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    ABSTRACT: Prognostication is poor in repetitive transcranial magnetic stimulation (rTMS) treatment for major depressive disorder (MDD). Personality traits, particularly extraversion and neuroticism, have attracted increasing attention for both trait- and state-dependent characteristics in predicting response to pharmacotherapy, psychotherapy, and more recently to therapeutic neuromodulation for MDD. The advent of deep rTMS (DTMS) allows stimulation of deeper cortical regions, and we aimed to prospectively characterize personality dimensions and antidepressant response to DTMS in treatment-resistant MDD. A convenience sample of 15 patients with treatment-resistant MDD received four weeks of daily sessions of DTMS (20Hz, 3,000 pulses/session) of the left dorsolateral prefrontal cortex (DLFPC). At baseline and at the conclusion of treatment, patients completed the Big Five Inventory, a five-factor assessment of major personality dimensions. Clinical response was measured using the 21-item Hamilton Depression Rating Scale. Four weeks of DTMS treatment was not associated with changes in personality measures. Clinical remission was associated with higher baseline levels of agreeableness (score ≥ 29: 100% sensitive and 72.7% specific) and conscientiousness (score ≥ 30: 75% sensitive and 81.8% specific). Levels of agreeableness and extraversion were linearly associated with antidepressant response. Neuroticism was not associated with the antidepressant effects of DTMS in this cohort. Five-factor personality assessment may have prognostic value in DTMS for resistant MDD. Agreeableness, extraversion, and conscientiousness are associated with decreases in depressive symptoms during treatment with DTMS.
    Full-text · Article · Jan 2014 · Neuroscience Letters
    • "Interestingly, change in personality did not depend on improvement from depressive symptoms suggesting that change in personality is not a mere epiphenomenon of improved depressive state (Tang et al., 2009). In a naturalistic treatment study it has been shown that a 4-week trial of high frequency repetitive transcranial magnetic stimulation was related to decreased levels of neuroticism at post-treatment and the authors suggested that these improvements in neuroticism were likely independent from improvements in depressive state (Berlim et al., 2013). These findings suggest that treatment for MDD may have an impact on the personality of patients with MDD independent of the impact of treatment on depression itself. "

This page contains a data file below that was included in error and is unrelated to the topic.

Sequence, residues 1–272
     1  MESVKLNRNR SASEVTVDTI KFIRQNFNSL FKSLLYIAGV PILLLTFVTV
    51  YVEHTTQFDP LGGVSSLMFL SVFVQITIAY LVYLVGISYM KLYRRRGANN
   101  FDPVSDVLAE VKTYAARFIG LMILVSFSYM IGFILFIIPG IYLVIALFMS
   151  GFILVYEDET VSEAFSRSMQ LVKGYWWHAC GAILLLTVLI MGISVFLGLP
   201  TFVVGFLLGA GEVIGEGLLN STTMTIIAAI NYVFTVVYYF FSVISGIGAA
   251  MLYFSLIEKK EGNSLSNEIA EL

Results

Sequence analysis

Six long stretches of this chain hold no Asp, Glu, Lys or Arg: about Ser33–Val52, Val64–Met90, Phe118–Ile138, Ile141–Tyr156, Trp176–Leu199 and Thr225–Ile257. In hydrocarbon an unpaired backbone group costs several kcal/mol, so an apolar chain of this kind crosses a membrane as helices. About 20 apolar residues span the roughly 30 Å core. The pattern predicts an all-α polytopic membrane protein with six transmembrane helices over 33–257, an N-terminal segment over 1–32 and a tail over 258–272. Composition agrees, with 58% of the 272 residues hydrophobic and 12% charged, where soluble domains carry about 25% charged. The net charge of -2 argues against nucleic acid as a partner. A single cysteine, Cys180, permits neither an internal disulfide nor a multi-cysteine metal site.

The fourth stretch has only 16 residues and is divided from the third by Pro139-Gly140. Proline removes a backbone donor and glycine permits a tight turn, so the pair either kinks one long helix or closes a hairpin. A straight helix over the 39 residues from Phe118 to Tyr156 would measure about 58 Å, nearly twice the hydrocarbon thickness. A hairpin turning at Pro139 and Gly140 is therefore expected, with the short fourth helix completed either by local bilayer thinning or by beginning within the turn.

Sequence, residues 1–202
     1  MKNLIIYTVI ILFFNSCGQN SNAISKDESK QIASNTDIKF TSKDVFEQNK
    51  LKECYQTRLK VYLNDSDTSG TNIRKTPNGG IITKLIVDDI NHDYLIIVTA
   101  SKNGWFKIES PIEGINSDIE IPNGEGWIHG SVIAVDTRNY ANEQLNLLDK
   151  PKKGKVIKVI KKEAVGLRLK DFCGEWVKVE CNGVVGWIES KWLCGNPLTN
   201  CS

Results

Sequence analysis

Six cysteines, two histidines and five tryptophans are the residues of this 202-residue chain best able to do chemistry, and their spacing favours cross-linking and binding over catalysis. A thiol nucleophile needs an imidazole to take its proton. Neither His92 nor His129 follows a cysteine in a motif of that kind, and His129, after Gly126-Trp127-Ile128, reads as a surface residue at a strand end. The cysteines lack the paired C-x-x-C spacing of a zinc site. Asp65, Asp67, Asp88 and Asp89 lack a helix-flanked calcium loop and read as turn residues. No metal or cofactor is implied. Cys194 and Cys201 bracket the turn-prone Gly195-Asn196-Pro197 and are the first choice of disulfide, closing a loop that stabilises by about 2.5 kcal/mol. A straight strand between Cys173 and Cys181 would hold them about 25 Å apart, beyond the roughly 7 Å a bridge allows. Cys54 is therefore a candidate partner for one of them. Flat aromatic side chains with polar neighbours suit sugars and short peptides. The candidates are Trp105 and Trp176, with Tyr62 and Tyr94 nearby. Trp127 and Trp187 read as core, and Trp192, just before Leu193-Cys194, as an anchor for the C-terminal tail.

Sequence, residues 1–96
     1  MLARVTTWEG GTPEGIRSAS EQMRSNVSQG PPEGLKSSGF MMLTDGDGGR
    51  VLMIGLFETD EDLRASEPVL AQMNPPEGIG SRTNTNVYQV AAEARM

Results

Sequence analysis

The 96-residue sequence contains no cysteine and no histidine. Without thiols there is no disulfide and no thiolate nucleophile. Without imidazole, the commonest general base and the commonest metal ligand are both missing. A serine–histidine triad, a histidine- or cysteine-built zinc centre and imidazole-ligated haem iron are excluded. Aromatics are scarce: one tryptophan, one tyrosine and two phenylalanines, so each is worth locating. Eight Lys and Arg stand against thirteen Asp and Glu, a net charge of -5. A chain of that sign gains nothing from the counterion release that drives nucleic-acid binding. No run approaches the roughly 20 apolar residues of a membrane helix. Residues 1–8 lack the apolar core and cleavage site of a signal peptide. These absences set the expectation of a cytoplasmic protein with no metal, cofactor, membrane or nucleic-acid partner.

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    ABSTRACT: BACKGROUND: The personality dimensions neuroticism and extraversion likely represent part of the vulnerability to depression. The stability over longer time periods of these personality dimensions in depressed patients treated with psychological treatment or medication and in untreated persons with depression in the general population remains unclear. Stability of neuroticism and extraversion in treated and untreated depressed persons would suggest that part of the vulnerability to depression remains stable over time. The current study addressed the question whether treatment in depressed patients is related to changes in neuroticism and extraversion. METHODS: Data are from 709 patients with major depressive disorder participating in a cohort study (Netherlands Study of Depression and Anxiety; NESDA). We determined the 2-year stability of extraversion and neuroticism in treated and untreated persons and related change in depression severity to change in personality over time. RESULTS: Neuroticism decreased from baseline to 2-year follow-up (d=0.73) in both treated and untreated persons. Extraversion did not change significantly after controlling for neuroticism and depression severity at baseline and follow-up. Decreased depressive symptoms over time were related to decreased neuroticism (d=1.91) whereas increased depressive symptoms over time were unrelated to neuroticism (d=0.06). LIMITATIONS: Patients were not randomized to treatment conditions and the groups are therefore not directly comparable. CONCLUSIONS: Treated patients with depression in the general population improve just as much on depression severity and neuroticism as untreated persons with depression. This suggests that changes in neuroticism in the context of treatment likely represent mood-state effects rather than direct effects of treatment.
    No preview · Article · Apr 2013 · Journal of Affective Disorders